Breach of warranty case brings $754k verdict
Posted: 5:37 pm Thu, February 3, 2011
Attorneys from Bond, Schoeneck & King have received a $754,000 verdict on behalf of their client, Magnus Precision Manufacturing Inc. of Phelps.
The Ontario County company was represented by Brian Laudadio of BS&K’s Rochester office and Stephen Sharkey of the firm’s Buffalo office. The dispute involved a machine tool the company purchased in 2005 from TPS International Inc. of Sussex, Wis. for $837,000.
According to court papers, there was an agreement that the machine, manufactured by Universal-Automatic Corp. of Des Plaines, Ill., had to meet certain performance criteria for a specific component relating to a project Magnus was doing for another company.
After a formal test, Magnus was not satisfied the machine met the required criteria and the parties reached a reconciliation agreement which, in part, would allow Magnus to return the machine for a refund after giving the manufacturer and seller every opportunity to bring the machine to an acceptable level.
In September 2005, Magnus claimed the machine still didn’t meet the agreement and alleged a breach of the agreement and warranty. Magnus claimed it was unable to produce good parts because of flaws in the machine design.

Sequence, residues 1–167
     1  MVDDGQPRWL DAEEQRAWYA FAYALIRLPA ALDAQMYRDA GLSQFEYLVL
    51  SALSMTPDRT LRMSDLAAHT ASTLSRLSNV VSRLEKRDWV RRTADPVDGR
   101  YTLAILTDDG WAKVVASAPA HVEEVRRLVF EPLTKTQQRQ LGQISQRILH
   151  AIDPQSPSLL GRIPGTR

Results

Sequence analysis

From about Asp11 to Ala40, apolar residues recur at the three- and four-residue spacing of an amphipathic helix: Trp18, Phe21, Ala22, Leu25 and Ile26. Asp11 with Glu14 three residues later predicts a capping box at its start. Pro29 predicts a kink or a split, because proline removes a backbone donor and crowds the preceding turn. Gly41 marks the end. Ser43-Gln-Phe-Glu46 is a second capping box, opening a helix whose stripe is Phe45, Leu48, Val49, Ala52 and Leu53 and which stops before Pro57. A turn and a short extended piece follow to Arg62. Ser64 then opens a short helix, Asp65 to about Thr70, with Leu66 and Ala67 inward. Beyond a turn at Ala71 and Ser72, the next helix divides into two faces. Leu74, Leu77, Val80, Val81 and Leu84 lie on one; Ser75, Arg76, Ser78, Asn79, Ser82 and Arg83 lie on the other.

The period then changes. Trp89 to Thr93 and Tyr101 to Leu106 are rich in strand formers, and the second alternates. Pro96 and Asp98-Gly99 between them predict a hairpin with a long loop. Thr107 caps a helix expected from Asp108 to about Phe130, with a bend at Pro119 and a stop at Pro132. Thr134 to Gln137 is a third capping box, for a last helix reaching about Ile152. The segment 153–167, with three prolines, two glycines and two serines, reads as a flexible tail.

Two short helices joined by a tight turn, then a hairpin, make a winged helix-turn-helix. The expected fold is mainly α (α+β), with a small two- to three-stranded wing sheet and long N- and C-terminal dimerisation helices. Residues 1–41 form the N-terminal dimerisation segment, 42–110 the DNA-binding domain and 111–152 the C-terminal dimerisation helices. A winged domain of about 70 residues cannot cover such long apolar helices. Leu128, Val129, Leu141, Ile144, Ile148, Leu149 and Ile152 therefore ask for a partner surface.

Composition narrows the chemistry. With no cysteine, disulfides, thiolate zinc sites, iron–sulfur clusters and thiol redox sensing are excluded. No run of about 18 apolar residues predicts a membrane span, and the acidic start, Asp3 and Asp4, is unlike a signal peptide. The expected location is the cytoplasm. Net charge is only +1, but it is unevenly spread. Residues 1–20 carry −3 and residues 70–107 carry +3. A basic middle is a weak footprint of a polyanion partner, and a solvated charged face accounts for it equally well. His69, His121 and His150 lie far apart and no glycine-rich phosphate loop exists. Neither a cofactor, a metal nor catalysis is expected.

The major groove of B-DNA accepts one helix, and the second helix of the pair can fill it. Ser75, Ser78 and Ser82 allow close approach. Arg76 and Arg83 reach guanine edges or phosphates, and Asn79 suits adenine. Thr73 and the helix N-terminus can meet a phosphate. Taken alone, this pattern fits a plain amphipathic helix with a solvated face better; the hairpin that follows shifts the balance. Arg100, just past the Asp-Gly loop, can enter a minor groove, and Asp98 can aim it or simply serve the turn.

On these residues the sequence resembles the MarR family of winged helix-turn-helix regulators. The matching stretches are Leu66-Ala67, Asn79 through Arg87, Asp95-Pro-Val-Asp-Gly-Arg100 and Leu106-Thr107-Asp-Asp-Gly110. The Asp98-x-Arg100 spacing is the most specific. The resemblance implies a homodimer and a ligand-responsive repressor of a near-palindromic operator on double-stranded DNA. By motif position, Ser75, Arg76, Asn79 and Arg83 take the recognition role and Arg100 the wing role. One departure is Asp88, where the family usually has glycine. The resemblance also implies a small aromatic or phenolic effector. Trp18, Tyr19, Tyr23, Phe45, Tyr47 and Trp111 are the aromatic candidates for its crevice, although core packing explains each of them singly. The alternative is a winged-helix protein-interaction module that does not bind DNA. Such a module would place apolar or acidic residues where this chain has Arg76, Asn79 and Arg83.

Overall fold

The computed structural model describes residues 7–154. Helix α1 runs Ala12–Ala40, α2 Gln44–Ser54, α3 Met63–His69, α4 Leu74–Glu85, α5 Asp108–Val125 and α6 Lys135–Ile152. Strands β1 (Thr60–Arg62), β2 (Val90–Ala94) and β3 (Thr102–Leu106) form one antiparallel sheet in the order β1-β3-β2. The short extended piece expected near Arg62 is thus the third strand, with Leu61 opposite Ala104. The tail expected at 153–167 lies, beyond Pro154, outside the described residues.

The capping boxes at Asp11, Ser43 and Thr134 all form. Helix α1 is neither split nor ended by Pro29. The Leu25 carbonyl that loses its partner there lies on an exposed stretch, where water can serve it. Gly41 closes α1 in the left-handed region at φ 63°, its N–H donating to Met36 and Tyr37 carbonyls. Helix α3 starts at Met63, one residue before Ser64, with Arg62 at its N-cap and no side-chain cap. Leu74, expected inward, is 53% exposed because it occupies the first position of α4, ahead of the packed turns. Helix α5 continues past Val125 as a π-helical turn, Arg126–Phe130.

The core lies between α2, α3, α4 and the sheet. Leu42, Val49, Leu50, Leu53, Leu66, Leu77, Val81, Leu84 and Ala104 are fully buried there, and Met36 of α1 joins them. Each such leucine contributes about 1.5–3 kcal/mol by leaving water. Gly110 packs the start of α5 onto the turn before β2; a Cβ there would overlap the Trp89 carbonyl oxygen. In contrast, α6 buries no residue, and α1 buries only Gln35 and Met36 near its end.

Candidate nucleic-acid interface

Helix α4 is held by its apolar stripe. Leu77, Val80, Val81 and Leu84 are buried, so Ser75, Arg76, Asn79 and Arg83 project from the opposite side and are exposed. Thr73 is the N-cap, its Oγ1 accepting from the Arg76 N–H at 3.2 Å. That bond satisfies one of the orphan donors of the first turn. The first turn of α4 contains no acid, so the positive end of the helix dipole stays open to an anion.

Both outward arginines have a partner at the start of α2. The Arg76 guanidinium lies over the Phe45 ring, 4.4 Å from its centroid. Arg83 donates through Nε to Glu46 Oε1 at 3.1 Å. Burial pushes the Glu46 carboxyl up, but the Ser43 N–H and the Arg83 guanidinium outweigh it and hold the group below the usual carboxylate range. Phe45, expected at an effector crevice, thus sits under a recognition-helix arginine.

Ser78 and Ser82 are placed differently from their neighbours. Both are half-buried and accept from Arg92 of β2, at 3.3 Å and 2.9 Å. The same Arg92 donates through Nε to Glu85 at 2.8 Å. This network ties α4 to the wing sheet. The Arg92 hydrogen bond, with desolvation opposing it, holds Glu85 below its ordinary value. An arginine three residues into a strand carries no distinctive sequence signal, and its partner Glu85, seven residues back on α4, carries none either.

A demand for a jury trial was filed in July 2008 in U.S. District Court, Western District of New York, but in February 2009 Judge Charles J. Siragusa granted a motion by the defendants to dismiss the suit and move to a new venue.
The suit was re-filed in Circuit Court for Waukesha County in Wisconsin — TPS International’s location. A bench trial was conducted in January with a verdict reached Jan. 25 in Magnus’s favor.
“We believe that the court’s ruling was erroneous,” said Anthony J. Monaco of the Chicago firm Swanson, Martin and Bell LLP, who represents the two defendant companies. “I maintain both TPS and Universal-Automatic are innocent.”
Monaco said there will be an appeal. He said no judgment has been filed yet and he didn’t believe $754,000 was the correct amount. Laudadio said it is the verdict figure reached from the bench, and will be included in the order when it becomes available in the next week or so.
Monaco declined to comment further. Laudadio said the manufacturer and seller claimed there was nothing wrong with the machine and that the failure was the result of modifications made to it by Magnus.
“Under the purchase agreement, both [companies] were responsible for ensuring the machine was able to make parts for which it was intended,” Laudadio said. “We were able to prove to the court that the problem with the machine was not modifications made by Magnus, but were inherent design flaws and assembly errors that created geometry problems with the machine.”
He said the award, which is rounded off, is 90 percent of the purchase price and that the remaining 10 percent was not reimbursable because of specific language in the purchase contract.
“We’re very pleased that the court determined that Magnus was entitled to the refund because the inherent problems with the machine were the results of the defendants’ failure to make a quality product.”
Monaco has 45 days from the order issuance to file the appeal.